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Week in the Life of the Hungarian Diaspora: Winter Folk Dance Camp, Márai Memorial Event and Pannonia Ball

Fanni Kaszás 2019.03.02.

In our recurring Week in the life of the Hungarian Diaspora series, we’ll be looking back at recent events and exploring the Kőrösi Csoma Sándor Program’s many success stories.

The Kőrösi program helps ethnic communities retain their national identity and strengthens the ties between Hungary and Hungarian communities worldwide by offering Hungarian language courses and providing access to cultural activities with the help of Kőrösi scholarship holders.

Bokréta winter dance camp in Montreal

For 20 years, members of the North American Folk Dance Community have gathered in Montreal in February to partake in a folk dance camp. This year, for three days, participants learned dances from the Mezőség and Vajdaszentivány under the leadership of Enikő Kocsis and Dezső Fitos. Children got acquainted with the folk rhythms and dances in the children’s dance house. This year, the 50-year-old Bokréta Dance Ensemble opened the Vajdaszentivány event with a gala show. The music was provided by Levente and Albert Fazakas and Lóránd Szabó as well as members of the Gyanta band.

Sándor Márai memorial event in San Diego

Among other things, San Diego and Hungary are connected by one of the most important Hungarian poet-writers of the twentieth century, Sándor Márai, who spent the remaining years of his life in the city. Hungarians living in San Diego had a memorial plaque made in Márai’s honor, his books can be found in the library of the Hungarian House, and every year, various programs are organized in connection with him. However, this year, the Hungarian community organized a special event in honor of the 30th anniversary of the author’s death on the 21st of February. On the afternoon of February 23, more than 50 Hungarians gathered in the Hungarian House in San Diego to watch the evening-long program put on by Tibor Mészáros, Márai expert and István Hirtling, Mari Jászai award-winner actor. The event consisted of readings and movie sequences followed by a standing ovation. At the end of the evening, attendees were given the opportunity to discuss Márai with the organizers.

Varjos Band concert and dance house in Vienna

A Varjos Band concert and dance house was organized on February 15 in Vienna by the Délibáb Hungarian Cultural Association. The band, originally from Upper Hungary, hails from the historical northern part of the Kingdom of Hungary and held a concert called “Date by the river Garam.” Transylvanian tunes and gypsy songs were also featured in the show. The Varjos Orchestra was founded in the autumn of 2003 in Párkány (Sturovo) and is passionate about presenting the Carpathian Basin’s folk culture via twentieth century folk music and their own experiences. Before the concert, children had the opportunity to take part in a children’s dance house and create traditional Hungarian artifacts at an arts and crafts workshop.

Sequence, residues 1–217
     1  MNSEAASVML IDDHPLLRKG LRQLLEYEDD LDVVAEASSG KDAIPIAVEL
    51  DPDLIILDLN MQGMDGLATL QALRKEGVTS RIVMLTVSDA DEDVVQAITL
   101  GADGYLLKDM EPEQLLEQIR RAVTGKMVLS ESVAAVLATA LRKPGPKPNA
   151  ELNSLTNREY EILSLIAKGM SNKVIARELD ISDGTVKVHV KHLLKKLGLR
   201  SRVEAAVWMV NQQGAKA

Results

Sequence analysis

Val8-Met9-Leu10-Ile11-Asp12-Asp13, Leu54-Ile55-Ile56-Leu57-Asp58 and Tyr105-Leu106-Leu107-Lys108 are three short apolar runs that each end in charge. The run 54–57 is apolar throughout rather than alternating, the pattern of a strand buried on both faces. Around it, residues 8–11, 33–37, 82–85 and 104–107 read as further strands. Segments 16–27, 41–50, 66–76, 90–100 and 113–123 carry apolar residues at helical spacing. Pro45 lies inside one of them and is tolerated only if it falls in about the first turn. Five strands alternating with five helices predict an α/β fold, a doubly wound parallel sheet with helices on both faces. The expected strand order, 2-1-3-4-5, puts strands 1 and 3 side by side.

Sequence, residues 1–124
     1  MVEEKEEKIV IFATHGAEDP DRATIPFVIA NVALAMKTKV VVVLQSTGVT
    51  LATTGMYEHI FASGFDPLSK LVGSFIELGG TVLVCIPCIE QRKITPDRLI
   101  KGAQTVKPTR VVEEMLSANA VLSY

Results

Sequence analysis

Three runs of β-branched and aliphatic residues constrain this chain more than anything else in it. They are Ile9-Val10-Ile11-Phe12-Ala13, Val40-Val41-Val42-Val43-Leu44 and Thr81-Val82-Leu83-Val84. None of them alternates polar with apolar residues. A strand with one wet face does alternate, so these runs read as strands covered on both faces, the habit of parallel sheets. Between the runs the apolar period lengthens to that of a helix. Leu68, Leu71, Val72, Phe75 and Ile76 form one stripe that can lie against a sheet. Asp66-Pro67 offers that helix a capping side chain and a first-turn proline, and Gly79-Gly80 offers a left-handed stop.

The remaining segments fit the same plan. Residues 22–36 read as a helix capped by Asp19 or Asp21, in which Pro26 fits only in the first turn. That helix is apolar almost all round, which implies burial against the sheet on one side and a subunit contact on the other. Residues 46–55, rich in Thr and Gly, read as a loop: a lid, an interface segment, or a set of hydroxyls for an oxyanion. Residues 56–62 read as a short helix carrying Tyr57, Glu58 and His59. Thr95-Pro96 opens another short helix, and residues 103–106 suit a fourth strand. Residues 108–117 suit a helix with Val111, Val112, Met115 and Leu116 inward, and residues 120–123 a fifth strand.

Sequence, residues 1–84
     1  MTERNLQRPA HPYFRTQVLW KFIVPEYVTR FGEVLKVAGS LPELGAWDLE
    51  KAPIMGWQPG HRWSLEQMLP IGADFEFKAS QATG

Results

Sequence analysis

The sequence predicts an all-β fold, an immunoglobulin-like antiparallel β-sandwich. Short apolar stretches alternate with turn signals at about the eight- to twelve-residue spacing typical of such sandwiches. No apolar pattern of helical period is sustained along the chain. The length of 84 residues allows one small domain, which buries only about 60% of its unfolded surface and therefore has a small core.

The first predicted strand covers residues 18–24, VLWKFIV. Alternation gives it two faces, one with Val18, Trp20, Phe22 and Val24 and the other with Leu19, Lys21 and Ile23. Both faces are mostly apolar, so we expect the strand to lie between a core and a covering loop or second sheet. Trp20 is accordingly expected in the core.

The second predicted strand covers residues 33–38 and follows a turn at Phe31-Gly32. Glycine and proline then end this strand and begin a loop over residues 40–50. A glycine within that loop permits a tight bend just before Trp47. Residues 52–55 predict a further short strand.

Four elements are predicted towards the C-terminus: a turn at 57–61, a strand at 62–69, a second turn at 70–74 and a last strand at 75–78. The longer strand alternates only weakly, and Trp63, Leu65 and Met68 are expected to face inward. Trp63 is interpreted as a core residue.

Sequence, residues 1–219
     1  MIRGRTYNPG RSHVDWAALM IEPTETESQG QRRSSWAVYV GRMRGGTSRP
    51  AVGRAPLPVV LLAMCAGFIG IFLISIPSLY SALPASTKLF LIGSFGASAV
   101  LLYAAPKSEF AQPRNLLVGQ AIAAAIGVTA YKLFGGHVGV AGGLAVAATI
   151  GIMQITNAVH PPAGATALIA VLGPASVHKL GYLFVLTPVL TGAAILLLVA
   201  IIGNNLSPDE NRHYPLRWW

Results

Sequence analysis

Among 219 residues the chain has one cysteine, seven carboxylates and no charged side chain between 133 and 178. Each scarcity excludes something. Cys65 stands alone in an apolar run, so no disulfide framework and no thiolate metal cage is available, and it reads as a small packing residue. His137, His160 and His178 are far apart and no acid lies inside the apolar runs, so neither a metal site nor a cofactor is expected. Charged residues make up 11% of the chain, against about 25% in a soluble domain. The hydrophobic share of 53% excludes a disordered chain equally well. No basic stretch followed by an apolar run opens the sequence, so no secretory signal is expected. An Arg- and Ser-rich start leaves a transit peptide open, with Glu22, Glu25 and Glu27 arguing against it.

Pannonia Ball at Fairfield

On February 23, the Pannonia American Hungarian Club presented the 66th grand annual Café Budapest event to over 100 guests. The Fairfield-based nonprofit organization was founded in 1950 for charitable, cultural and educational purposes. The lakeside complex in Monroe opened its hall at 7 o’clock in the evening and came equipped with a cocktail hour and an open bar. The Chairman of the Pannonia Club, Valéria Miklós, opened the ceremony followed by speeches given by the Consul of New York, Dr. Imre Szakács and Claudia Margitay Balogh. A scholarship named after Margitay Balogh’s son, Justin Margitay Balogh, was awarded to students of Hungarian descent during the ball. The commission chooses the recipients of the scholarship based on how much energy the applicants have invested in the social life of the Hungarian community.

Last sitting of the ’56 Memorial Committee in Paris

After the defeat of the Hungarian Revolution in 1956, Hungarian freedom fighters who fled to the West and received political asylum rights established the Hungarian Freedom Fighter Association in Paris in 1957. In 1999, they continued their work under a new name: the French-Hungarian Memorial Committee of the 1956 Hungarian Revolution. On February 24, 2019, Jenő Sujánszky, the founding president of the Memorial Committee, called for a final meeting of its members. Since the committee’s attempts to rejuvenate the organization failed, the association was dissolved after 62 years of hard work. Some of the Committee’s responsibilities — such as wreathing the Unknown Soldier’s grave and lighting the Eternal Light — will be taken over by the Hungarian Embassy in Paris. The Hungarian Catholic Mission will begin wreathing Cardinal József Mindszenty’s memorial plaque and Imre Nagy’s symbolic grave at the Pére Lachaise cemetery.

featured photo: Bokréta Hungarian Folk Ensemble Facebook